Recruitment must to be done by physicians locally, he added, saying there’s nothing like word of mouth and collegial interaction when trying to attract a physician to an area. He said recruitment is now taking place by someone from outside of the area, behind closed doors
“The current strategy out of touch with reality,” Stone said. “The problems are local, the solutions naturally will be local.”
He also called for a return to “some semblance of a local health board,” for recruitment to be mobilized by medial staff and for a clearer chain of communication.
Stone said under the previous administration, if he wanted to raise an issue it was simply a matter of knocking on the door of former CEO John Malcom or Dr. Mahmood Naqvi, who served as medical director.
“It’s not that simple anymore,” Stone said. “We need local input into our own governance, into our own organization.”
As for his message to politicians — the press conference came just days before the provincial election and a number of candidates in the current campaign, at least one from each of the three major parties, was in attendance — Stone said throwing money at it will not solve the problem.
“They know what’s not working — we’ve told them, the public has told them,” he said. “It needs to be organized differently. “It’s not rocket science.” Two of the area’s newer doctors also spoke. Dr. Meghan Keating, who has worked in family medicine in the area since 2015, is originally from Cape Breton. She noted that among the six doctors that will soon leave are two psychiatrists.
Keating works with the Ally Centre and the opiate recovery program. At a time when efforts are being made to dispel stigma associated with mental health and addiction issues, she said it’s frustrating to see the lack of access to services.
“A patient in Cape Breton, on average, waits 247 days longer than a patient in Halifax to be seen by a mental health team,” Keating said.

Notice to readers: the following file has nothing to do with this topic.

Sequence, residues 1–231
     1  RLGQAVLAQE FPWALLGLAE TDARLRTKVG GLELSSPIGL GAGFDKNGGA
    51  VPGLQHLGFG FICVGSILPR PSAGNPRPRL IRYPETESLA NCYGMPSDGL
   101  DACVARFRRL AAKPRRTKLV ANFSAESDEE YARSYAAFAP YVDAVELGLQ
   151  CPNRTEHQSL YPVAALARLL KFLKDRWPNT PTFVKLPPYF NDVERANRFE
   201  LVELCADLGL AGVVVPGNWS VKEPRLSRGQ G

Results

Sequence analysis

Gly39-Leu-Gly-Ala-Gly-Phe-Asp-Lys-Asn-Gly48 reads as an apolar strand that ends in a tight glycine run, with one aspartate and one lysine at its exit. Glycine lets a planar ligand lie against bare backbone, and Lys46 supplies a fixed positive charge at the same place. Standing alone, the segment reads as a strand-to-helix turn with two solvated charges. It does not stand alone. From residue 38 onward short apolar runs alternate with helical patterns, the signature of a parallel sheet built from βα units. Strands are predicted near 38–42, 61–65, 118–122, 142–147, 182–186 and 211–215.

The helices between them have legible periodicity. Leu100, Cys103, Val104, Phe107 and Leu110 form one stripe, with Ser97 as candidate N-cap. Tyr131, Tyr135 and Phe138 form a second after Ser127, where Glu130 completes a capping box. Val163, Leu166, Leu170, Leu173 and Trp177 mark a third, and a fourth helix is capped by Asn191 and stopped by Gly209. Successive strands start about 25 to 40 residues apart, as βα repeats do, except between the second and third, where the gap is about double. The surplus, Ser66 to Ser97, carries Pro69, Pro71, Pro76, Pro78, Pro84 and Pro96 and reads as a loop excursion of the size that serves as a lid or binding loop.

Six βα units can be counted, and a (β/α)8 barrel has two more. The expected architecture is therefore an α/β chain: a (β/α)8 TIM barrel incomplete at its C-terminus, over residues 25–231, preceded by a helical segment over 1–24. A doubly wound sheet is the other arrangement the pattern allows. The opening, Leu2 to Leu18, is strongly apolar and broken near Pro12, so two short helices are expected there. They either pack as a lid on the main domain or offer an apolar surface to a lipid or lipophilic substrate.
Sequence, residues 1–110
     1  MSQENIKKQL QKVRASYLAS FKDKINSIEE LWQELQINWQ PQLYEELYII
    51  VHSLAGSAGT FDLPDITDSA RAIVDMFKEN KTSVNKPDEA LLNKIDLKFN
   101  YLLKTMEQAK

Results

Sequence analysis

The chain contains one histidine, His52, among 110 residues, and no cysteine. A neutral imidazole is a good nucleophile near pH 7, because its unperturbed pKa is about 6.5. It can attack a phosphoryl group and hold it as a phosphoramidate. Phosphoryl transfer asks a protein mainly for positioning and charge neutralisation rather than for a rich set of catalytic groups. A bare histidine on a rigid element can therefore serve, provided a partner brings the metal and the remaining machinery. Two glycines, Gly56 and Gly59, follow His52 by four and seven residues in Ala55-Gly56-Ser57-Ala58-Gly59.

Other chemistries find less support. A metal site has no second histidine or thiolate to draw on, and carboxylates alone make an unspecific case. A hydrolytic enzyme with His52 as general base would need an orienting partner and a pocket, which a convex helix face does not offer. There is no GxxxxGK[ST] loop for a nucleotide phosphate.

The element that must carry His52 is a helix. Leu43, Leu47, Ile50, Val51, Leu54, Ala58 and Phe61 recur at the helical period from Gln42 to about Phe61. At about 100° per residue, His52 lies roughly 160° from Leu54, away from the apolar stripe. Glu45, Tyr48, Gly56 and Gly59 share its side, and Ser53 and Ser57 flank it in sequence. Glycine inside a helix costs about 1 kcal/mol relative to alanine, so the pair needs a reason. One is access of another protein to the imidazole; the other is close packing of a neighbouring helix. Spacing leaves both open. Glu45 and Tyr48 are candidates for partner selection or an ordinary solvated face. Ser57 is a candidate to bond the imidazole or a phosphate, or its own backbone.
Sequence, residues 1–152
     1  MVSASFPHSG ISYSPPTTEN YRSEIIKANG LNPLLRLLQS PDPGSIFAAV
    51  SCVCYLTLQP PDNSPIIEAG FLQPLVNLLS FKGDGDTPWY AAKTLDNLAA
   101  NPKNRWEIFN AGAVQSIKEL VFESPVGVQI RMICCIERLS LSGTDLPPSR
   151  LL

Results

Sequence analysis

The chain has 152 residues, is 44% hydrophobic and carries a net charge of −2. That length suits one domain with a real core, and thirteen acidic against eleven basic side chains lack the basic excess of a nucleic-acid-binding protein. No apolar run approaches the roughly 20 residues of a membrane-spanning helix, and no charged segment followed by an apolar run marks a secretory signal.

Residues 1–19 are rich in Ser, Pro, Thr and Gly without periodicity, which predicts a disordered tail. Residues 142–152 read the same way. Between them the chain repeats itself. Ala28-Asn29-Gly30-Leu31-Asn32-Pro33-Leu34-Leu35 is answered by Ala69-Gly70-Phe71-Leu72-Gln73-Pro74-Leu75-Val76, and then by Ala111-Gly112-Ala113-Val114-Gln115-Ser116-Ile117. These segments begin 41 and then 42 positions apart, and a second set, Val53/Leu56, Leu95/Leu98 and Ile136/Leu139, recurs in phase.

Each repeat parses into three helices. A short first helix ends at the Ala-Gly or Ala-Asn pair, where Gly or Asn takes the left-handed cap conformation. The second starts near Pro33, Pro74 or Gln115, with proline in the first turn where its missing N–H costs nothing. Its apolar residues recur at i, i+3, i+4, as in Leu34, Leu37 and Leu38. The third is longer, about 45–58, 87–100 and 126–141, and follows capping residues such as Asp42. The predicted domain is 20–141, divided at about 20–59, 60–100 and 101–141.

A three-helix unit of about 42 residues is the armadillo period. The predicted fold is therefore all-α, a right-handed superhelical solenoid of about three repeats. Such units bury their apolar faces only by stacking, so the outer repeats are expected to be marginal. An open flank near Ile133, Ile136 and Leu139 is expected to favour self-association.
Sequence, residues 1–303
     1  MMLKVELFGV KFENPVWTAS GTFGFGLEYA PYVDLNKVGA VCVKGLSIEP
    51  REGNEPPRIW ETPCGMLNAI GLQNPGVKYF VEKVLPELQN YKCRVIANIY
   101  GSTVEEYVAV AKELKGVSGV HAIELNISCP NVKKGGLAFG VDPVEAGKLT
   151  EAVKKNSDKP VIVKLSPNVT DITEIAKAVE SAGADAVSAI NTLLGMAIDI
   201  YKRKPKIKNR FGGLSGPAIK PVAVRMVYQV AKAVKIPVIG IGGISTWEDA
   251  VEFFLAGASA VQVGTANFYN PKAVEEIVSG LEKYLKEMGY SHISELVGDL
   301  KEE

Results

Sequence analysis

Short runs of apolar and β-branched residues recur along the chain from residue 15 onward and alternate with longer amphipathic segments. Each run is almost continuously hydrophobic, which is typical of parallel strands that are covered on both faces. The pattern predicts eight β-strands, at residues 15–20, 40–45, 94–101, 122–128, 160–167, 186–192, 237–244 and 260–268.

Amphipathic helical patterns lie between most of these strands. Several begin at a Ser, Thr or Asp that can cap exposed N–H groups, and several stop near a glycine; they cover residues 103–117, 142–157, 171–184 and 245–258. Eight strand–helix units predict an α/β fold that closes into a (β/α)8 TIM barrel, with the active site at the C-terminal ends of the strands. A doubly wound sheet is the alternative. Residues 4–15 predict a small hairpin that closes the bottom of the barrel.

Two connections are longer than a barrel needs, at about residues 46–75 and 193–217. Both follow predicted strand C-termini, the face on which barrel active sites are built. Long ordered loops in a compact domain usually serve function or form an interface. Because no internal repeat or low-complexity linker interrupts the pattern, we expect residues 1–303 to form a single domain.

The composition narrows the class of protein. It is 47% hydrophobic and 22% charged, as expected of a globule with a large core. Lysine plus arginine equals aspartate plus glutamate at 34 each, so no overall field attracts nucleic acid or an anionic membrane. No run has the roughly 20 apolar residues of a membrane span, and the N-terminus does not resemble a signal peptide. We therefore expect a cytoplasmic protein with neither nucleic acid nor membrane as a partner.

“It’s like writing a prescription to a medication that is vital to recovery and dating it for nine months in the future.”
Dr. Mike MacDonald has been a family doctor in the area since last year and also works in the emergency department at the Cape Breton Regional Hospital. He said the area recently failed to recruit two young geriatricians despite Cape Breton being their top choice. Cape Breton is also on the verge of losing another service in child and adolescent psychiatry, he noted.
As someone who is included among the recently recruited complement of doctors, MacDonald described recruitment efforts as lacklustre as best, saying it was fellow doctors that recruited him. He asked that the Nova Scotia Health Authority take a number of steps including creating a recruitment position for a local doctor and giving them flexibility to do something new, and moving decision-making power to the level of the site lead.
Progressive Conservative leader Jamie Baillie will hold a health-care rally Saturday evening in Glace Bay beginning at 7 p.m. at Royal Canadian Legion Branch 3.
Dr. Mike MacDonald, a family doctor who also works in the emergency department at the Cape Breton Regional Hospital, speaks during a press conference held by a number of local doctors Friday at Health Park in Sydney. The doctors called the press conference to alert the public to the impending departure of six additional physicians who practise in areas including ophthalmology, radiology, psychiatry and family medicine.